Common or Normal-mode noise is a noise current that has leaked via a stray capacitance that passes through a ground and returns to the power supply line. These types of noise are conducted emissions; however, noise currents are flowing in power supply lines, so noise is radiated.
To suppress this type of noise, EMI suppression filters are installed on all lines on which noise is conducted. In the example illustrations shown above, the following two suppression methods are applied.
1. Noise is suppressed by installing an inductor to the signal line and ground line, respectively.
2. A metallic casing is connected to the signal line using a capacitor. Thus, noise is returned to the noise source in the following order:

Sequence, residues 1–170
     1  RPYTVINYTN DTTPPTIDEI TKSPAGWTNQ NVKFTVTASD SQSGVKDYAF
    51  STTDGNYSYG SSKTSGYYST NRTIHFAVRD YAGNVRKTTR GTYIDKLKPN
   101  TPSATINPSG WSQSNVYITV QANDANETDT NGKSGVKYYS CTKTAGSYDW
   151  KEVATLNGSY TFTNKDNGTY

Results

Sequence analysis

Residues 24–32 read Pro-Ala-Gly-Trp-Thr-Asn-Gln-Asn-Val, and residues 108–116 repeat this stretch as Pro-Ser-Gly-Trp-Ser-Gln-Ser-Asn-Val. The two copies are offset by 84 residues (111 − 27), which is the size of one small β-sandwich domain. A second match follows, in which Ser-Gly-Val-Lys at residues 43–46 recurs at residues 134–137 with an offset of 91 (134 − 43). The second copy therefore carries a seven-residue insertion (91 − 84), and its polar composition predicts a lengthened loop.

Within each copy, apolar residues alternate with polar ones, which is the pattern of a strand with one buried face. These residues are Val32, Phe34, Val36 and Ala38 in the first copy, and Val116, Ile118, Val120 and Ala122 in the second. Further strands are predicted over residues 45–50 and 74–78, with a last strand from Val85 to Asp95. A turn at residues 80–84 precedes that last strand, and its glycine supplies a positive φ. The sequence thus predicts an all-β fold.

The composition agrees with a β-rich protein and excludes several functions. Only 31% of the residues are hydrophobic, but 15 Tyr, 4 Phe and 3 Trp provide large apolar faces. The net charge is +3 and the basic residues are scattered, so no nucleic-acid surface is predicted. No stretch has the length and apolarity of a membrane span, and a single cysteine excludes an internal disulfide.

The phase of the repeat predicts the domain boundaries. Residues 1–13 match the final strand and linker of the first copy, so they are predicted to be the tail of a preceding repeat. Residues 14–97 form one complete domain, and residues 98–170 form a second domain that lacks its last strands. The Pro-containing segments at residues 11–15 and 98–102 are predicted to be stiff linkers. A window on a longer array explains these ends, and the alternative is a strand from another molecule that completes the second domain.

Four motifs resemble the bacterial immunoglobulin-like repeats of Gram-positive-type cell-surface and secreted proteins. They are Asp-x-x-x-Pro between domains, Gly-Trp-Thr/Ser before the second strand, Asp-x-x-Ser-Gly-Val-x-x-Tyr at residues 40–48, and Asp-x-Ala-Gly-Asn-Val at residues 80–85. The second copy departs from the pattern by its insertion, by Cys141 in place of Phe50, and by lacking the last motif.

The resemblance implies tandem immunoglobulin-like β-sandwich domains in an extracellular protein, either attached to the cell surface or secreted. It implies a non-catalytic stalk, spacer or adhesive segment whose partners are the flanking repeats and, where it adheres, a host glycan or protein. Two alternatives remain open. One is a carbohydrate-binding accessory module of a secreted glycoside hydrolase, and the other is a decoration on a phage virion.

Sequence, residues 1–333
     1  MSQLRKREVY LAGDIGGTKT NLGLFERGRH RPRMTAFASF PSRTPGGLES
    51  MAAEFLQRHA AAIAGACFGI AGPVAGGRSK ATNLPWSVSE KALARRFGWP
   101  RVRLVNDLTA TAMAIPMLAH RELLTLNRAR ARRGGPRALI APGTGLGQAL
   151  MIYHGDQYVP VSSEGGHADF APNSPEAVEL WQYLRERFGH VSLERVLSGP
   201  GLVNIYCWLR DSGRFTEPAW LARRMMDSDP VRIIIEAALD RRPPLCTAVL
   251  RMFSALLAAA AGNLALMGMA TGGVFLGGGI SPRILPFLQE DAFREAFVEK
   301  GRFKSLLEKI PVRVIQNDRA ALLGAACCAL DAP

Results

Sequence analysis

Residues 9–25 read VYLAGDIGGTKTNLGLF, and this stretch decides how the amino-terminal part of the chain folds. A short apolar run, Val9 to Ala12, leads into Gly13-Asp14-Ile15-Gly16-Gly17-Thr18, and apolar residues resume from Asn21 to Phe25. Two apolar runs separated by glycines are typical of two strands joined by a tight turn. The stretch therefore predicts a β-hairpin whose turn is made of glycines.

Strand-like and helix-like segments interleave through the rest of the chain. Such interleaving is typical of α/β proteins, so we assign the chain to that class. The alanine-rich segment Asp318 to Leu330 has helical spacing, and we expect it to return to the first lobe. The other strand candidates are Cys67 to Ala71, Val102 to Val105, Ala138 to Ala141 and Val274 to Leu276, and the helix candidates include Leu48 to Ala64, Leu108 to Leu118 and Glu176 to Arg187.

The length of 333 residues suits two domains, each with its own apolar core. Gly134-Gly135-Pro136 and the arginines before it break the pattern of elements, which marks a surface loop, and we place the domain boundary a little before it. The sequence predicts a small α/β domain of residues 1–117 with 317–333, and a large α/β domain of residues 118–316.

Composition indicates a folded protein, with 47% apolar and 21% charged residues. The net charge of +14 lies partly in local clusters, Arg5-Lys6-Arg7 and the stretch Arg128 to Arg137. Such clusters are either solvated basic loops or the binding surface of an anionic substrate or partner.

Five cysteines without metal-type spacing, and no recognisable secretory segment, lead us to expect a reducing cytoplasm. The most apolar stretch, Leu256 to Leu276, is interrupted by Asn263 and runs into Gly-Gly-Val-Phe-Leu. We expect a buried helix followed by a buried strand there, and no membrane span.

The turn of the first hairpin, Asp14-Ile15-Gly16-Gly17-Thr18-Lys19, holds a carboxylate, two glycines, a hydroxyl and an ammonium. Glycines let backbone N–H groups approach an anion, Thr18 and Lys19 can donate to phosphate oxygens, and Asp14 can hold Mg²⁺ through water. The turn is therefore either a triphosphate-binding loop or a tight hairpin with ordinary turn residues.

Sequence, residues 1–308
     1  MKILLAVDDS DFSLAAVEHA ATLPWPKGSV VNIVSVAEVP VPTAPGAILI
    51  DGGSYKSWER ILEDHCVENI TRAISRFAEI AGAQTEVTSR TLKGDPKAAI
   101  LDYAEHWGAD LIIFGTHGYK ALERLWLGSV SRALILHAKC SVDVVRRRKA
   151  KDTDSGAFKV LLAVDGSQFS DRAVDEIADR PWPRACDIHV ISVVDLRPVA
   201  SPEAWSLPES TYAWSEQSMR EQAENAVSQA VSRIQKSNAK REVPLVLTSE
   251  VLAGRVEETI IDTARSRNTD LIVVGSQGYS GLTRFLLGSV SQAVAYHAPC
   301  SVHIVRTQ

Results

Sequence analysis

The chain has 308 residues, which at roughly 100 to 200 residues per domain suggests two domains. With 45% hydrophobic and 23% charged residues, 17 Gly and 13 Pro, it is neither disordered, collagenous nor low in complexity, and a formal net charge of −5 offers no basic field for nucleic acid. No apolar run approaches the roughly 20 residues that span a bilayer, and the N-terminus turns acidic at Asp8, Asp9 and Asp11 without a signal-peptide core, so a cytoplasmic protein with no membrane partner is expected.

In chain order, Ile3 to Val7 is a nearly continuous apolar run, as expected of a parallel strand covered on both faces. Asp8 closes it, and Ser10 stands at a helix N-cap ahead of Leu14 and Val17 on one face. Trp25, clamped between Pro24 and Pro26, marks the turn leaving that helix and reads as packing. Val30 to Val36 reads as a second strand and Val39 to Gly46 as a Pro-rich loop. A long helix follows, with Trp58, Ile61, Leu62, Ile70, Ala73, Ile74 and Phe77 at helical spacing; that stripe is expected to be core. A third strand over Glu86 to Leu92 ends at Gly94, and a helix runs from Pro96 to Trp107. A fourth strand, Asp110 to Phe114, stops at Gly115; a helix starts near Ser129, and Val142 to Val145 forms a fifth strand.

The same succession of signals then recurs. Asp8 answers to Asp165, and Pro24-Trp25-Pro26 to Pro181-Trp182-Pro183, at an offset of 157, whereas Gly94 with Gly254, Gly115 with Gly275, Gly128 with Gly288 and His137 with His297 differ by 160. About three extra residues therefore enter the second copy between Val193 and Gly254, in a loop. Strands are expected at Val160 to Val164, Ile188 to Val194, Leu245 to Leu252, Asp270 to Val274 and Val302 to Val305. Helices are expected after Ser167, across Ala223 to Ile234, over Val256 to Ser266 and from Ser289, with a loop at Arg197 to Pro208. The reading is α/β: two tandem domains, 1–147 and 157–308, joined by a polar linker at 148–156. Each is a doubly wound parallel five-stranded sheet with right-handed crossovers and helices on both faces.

signal/GND lines ➝ capacitor ➝ metallic casing ➝ stray capacitance ➝ noise source.
Common-mode choke coils are used to suppress common-mode noise. This type of coil is produced by winding the signal or supply wires on a ferrite core. Since magnetic flux flows inside the ferrite core, common mode choke coils work as an inductor against common mode current.
The common-mode refers to signals or noise that flow in the same direction in a pair of lines. As an example, consider a configuration where two copper wires are wound around a ring-shaped ferrite core.
In this structure, two patterns may exist: one in which the currents in the wires flow in the same direction (Common Mode), and another where they flow in opposite directions (Differential Mode).
You may also refer to the following Power Management video for additional overview information about power.